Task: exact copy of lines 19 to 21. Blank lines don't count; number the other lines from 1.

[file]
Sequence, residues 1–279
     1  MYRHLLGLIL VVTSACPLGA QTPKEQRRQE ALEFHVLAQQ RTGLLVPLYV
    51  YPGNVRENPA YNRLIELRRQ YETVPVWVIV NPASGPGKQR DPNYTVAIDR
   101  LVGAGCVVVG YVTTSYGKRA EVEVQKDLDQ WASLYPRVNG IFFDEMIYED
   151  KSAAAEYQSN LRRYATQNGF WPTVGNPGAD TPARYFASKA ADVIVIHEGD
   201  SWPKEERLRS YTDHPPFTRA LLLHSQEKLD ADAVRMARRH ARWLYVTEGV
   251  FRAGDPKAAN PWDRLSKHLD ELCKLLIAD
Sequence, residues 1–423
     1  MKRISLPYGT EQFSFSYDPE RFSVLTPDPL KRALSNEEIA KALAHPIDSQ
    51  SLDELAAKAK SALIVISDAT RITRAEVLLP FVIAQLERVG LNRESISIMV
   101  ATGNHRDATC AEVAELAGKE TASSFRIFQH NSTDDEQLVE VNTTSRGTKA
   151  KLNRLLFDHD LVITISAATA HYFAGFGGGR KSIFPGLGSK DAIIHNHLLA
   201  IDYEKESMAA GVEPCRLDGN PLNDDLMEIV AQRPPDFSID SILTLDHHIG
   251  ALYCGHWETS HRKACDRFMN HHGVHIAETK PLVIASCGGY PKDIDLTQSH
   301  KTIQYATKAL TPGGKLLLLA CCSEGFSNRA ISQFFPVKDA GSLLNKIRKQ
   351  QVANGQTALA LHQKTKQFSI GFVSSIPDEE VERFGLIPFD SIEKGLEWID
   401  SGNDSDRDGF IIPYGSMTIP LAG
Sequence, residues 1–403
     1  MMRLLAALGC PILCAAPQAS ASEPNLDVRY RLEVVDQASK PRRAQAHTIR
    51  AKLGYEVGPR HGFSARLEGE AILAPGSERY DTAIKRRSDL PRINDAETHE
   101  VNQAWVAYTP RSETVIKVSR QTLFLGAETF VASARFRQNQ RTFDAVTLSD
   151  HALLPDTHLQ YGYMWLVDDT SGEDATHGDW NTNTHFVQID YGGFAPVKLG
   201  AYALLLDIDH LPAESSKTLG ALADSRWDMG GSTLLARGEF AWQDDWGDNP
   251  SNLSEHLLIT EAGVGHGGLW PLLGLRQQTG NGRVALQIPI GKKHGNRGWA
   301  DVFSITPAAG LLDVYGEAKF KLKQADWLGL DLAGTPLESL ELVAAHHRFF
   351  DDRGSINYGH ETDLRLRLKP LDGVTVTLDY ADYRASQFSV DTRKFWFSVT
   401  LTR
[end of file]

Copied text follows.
     1  MMRLLAALGC PILCAAPQAS ASEPNLDVRY RLEVVDQASK PRRAQAHTIR
    51  AKLGYEVGPR HGFSARLEGE AILAPGSERY DTAIKRRSDL PRINDAETHE
   101  VNQAWVAYTP RSETVIKVSR QTLFLGAETF VASARFRQNQ RTFDAVTLSD